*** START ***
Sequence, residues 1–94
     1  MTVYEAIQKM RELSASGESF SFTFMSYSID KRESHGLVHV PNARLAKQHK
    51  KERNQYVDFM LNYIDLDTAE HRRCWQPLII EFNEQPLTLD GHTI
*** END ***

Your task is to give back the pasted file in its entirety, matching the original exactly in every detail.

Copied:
Sequence, residues 1–94
     1  MTVYEAIQKM RELSASGESF SFTFMSYSID KRESHGLVHV PNARLAKQHK
    51  KERNQYVDFM LNYIDLDTAE HRRCWQPLII EFNEQPLTLD GHTI